Zimbabwe is on the brink of having 100 000 infections of cholera, a preventable disease that has already killed 4 283 people there and remains a serious threat, the Zimbabwean Red Cross and its partners said on Tuesday.
The damaged water and sewage systems that triggered the recent outbreak in the southern African country remain neglected, and stand to cause another public health crisis, they said in a new report.
"Communities across the country are still without access to potable water and basic sanitation," said the report released by the International Federation of the Red Cross and Red Crescent Societies (IFRC). "The threat of cholera remains very real."
Looking for Western donors
Zimbabwe's power-sharing government, formed in February, is trying to raise billions of dollars from Western donors. The government has launched a 100-day plan to restore the shattered economy, and set targets on political reforms.
The 100 000th cholera case is expected to occur within a week or two, and highlights Zimbabwe's huge infrastructure needs after a decade of economic collapse and acute political tension.
In December, the World Health Organisation said that 60 000 people would be infected with the diarrhoeal disease in its "worst-case scenario" for Zimbabwe's cholera outbreak.
That benchmark was quickly passed and aid groups have been working to distribute clean water, purification tablets and rehydration salts to help Zimbabweans fight off the disease that spreads through contaminated water and food.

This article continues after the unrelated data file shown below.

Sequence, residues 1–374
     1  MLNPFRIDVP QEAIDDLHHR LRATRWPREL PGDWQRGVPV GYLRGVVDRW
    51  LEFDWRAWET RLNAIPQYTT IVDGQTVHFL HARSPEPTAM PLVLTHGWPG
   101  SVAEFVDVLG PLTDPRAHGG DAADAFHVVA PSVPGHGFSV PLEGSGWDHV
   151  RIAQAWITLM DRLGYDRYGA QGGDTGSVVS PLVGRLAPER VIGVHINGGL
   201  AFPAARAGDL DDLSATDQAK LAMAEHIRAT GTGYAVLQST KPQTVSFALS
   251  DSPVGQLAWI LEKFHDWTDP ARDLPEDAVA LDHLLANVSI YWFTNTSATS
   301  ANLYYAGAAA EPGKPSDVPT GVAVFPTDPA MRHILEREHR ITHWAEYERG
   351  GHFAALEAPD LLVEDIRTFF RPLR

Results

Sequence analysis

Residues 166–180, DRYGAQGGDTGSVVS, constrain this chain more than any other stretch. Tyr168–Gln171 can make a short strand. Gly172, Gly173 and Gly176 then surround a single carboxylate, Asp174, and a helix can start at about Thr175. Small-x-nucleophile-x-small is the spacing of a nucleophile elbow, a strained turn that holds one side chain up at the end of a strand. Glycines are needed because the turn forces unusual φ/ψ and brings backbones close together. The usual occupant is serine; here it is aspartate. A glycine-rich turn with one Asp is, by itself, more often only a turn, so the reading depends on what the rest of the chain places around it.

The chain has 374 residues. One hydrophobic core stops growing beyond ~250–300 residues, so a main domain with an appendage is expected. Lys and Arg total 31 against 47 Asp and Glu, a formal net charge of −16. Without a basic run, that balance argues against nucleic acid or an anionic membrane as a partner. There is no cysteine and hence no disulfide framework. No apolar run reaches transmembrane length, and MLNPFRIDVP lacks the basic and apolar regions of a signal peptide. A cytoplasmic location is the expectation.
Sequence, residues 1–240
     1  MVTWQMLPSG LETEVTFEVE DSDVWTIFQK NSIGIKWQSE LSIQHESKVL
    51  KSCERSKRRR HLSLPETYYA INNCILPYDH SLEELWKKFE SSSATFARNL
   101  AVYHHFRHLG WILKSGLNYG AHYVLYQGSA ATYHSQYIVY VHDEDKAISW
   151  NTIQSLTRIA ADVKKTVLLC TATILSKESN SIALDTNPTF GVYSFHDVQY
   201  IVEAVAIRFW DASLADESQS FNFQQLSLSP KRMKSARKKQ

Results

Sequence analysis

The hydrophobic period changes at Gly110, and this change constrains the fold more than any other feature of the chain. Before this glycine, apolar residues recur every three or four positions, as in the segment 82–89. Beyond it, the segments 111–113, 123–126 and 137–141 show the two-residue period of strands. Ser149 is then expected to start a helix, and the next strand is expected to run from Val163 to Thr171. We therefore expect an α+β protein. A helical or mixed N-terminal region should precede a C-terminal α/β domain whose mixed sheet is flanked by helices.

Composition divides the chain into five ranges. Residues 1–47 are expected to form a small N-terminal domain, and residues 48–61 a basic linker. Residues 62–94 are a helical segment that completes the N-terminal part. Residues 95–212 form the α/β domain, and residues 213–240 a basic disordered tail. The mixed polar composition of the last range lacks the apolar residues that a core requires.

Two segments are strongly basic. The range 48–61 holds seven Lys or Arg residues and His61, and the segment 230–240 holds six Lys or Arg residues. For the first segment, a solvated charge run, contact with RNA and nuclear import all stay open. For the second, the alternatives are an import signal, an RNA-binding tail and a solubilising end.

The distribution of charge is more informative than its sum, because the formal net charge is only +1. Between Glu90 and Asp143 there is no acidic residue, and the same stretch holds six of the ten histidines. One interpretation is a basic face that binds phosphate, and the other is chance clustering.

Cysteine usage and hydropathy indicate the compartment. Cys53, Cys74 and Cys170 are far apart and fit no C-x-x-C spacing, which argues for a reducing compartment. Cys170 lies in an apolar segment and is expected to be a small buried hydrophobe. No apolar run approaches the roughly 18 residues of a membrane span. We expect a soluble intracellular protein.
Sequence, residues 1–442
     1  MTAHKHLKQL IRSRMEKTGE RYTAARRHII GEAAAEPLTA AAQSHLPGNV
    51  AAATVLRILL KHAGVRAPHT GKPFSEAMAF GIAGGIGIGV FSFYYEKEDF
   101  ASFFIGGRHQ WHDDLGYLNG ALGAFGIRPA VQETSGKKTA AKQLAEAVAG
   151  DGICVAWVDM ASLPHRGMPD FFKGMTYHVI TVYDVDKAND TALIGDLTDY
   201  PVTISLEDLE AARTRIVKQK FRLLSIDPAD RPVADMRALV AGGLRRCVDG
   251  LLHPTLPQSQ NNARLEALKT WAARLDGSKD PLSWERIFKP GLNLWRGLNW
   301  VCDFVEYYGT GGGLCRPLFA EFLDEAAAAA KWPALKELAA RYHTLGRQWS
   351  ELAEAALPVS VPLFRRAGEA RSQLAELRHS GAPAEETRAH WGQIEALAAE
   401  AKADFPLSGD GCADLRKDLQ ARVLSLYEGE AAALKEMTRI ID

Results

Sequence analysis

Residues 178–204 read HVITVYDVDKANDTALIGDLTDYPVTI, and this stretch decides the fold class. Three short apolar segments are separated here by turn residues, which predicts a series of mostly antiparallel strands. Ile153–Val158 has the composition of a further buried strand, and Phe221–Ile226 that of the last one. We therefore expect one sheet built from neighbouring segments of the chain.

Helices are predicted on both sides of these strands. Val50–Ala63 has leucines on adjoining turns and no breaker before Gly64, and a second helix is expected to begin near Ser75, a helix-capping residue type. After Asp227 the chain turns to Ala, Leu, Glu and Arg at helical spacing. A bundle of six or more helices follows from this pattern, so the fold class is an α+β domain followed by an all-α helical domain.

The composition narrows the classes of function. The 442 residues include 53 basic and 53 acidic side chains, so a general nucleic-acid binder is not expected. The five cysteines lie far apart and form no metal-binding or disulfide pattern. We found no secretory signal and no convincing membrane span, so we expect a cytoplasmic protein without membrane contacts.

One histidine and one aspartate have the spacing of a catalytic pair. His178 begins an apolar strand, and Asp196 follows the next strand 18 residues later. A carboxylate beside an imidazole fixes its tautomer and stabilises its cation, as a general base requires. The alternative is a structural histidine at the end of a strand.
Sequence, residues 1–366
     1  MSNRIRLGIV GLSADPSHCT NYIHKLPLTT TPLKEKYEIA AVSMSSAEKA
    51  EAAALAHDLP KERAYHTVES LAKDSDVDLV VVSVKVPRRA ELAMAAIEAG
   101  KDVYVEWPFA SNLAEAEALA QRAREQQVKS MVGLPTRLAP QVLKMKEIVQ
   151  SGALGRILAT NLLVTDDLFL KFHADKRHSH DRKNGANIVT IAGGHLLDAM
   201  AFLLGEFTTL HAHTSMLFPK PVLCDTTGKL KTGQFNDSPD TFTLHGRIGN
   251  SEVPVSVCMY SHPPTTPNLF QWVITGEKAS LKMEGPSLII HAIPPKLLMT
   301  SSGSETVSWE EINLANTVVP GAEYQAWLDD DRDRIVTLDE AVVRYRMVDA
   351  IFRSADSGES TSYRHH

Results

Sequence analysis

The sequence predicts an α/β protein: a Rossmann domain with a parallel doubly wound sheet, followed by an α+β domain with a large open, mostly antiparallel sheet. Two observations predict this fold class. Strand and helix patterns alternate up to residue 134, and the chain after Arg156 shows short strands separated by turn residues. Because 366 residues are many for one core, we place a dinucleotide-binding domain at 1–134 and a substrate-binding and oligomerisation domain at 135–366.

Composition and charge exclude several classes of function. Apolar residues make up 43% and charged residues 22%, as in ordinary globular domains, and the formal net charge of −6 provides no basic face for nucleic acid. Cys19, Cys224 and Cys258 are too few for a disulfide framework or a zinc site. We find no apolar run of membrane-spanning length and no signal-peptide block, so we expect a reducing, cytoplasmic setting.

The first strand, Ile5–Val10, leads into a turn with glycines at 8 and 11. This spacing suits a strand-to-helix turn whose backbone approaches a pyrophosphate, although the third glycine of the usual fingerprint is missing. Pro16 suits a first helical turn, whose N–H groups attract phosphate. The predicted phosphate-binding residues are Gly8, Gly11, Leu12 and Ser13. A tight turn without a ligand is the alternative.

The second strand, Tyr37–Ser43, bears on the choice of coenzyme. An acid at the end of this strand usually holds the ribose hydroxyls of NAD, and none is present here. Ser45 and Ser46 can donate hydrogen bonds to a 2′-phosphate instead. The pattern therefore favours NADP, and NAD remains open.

Infection, death rate declines
Infection and death rates have declined sharply in the past two months, but the cholera epidemic is likely to stretch on for some time, according to the IFRC, whose 186 national chapters make up the world's largest aid network.
Although it only received 45% of the $9 million it sought at the height of the outbreak, the Red Cross is asking donors for another $3.4 million to build latrines, drill bore holes and repair existing water sources to protect Zimbabweans from cholera and other water-borne scourges.
"We are in a situation today where some 4 300 people have died from a disease which is preventable," spokesman Paul Conneally told a news briefing in Geneva, where the IFRC has its global headquarters.
Angola, Sudan, Ethiopia, Afghanistan, Liberia, South Africa and Madagascar have all had large outbreaks of cholera in the past decade, and Iraq had more than 4 000 infections last year. The WHO has said those countries were able to avoid the high death rate seen in Zimbabwe because their health and water systems were able to respond appropriately.
Given that Zimbabwe is the country most dependent on food aid in the world, and has a very high HIV/Aids infection rate at around 15%, the IFRC's Conneally said it was critical to shield poor rural dwellers from infections that could exacerbate pressures in the fragile country.
"All of these factors are interlinked," he said. – (Laura MacInnis/Reuters Health, May 2009)